At work so will finish later.
Hey, look. Sigs are back.
#6
I'll jump in here.

So taking from Disarm said. Clipping is basically digital distortion. The problem is in CPU land distortion isn't like an amp (sounds awesome) is sounds bad. Harsh and not very nice.


Attack is more of generic term you give to the front part of any sound. Technically it's the time from the 0 volume to the loudest part of the sound.

So what does it sound like. Kick drum is a great example. The first part of the sound is the click (that's the beater hitting the skin) That would be the attack. The second part is the boom that would the sustain.


Airiness is one of those vague words that people who spend to much time listening to music like to throw around. It's the very highest part of the sound. 8 kilohertz and up. It's kind of hard to explain when a vocal seems to be light and have a sense of air it usual just a lot of 8k and above. (sorry this is a bit of a crap description)
So a slowly play keyboard has a longer attack time then a kick drum. Because it takes longer to reach the loudest part of the sound. Hence longer attack.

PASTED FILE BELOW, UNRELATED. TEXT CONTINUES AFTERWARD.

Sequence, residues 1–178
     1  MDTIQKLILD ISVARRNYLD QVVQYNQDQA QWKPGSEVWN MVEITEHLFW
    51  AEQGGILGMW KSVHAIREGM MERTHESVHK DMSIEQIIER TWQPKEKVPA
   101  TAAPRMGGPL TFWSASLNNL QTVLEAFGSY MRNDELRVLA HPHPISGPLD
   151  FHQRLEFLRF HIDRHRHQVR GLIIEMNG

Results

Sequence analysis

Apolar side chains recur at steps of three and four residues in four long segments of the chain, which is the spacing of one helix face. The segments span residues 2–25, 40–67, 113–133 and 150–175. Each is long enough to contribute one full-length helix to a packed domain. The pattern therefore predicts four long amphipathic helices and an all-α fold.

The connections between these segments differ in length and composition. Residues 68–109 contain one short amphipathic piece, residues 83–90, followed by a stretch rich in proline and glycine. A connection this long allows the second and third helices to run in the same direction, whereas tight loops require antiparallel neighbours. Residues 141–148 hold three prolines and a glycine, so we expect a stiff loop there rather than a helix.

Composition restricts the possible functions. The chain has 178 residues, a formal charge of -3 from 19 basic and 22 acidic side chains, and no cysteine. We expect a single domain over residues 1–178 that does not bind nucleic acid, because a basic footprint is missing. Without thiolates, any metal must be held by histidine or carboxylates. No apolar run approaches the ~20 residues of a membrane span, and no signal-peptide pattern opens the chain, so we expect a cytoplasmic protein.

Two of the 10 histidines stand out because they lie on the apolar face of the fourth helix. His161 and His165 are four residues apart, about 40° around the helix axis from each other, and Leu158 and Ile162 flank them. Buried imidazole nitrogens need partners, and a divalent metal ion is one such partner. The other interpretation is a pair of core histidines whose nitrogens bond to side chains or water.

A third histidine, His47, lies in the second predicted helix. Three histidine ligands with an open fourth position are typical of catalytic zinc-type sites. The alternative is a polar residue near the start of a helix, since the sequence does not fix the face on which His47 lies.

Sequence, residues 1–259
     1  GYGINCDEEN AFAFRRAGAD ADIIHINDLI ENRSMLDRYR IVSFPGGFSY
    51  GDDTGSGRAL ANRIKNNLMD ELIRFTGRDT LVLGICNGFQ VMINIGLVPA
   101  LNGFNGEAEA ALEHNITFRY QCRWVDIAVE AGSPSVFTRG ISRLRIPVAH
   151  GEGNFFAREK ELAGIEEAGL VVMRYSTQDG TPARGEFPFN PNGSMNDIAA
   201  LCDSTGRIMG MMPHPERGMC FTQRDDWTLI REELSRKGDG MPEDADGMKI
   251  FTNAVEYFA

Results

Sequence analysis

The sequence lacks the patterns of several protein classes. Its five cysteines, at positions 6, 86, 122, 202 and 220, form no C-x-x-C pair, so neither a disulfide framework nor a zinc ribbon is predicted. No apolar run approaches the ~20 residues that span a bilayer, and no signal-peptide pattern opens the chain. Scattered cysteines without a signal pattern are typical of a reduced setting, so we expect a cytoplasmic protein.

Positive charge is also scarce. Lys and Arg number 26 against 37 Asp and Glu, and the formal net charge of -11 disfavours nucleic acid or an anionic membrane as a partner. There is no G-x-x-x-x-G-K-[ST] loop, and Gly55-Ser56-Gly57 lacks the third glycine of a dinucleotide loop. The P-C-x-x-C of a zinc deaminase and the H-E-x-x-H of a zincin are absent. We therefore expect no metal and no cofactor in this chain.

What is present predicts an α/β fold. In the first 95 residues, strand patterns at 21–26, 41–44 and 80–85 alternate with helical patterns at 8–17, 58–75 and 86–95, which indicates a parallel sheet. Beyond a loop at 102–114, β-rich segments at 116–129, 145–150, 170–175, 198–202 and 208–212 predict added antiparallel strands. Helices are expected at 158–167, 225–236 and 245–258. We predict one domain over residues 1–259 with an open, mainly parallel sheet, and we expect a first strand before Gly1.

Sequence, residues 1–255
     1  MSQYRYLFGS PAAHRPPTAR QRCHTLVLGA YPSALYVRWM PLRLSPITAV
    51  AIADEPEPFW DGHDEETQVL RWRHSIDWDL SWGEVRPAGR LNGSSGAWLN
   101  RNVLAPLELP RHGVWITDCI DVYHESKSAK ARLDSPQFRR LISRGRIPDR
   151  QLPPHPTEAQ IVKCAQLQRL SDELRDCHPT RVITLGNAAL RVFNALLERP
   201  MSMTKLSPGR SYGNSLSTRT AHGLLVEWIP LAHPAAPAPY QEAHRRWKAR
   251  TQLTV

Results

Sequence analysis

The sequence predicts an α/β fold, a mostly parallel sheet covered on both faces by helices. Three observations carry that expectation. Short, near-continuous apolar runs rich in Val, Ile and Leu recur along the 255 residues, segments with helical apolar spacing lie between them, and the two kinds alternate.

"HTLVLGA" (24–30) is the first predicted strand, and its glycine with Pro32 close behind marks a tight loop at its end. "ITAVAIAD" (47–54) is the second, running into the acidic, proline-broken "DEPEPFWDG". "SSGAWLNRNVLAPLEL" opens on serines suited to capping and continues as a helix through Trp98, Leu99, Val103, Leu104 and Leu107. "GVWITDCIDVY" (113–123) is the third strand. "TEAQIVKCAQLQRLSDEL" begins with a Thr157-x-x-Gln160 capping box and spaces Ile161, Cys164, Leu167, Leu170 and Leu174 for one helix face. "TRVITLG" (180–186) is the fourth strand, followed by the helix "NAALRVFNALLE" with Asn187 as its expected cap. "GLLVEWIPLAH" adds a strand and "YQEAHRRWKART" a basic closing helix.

#7
Thank you for your replies people!
Im sorry for posting a different thread about this its just me trying to understand a bit more

About headroom, so if i take this concept and try to visualize it, then, headroom would be that empty space between the upper and lower limits, right? Hope i got it right

About airiness I think I am still confused about it

And as for HPF'ing and LPF'ing, its basically scooping or cutting the low/hight frequencies, when they are not needed right?

and clipping would be pretty much distorting, correct?

Please correct me if Im wrong

Thanks for being there to help people, specially disarm and wild! I've learnt a lot from you dudes!
#8
Quote by damienro0
Thank you for your replies people!
Im sorry for posting a different thread about this its just me trying to understand a bit more

About headroom, so if i take this concept and try to visualize it, then, headroom would be that empty space between the upper and lower limits, right? Hope i got it right


The space between the volume of the track and the clipping point


About airiness I think I am still confused about it


Airiness is basically around 8khz when you mix. Best way to figure it out is record some vocals use a high shef filter and lift 8khz+ and listen.


And as for HPF'ing and LPF'ing, its basically scooping or cutting the low/hight frequencies, when they are not needed right?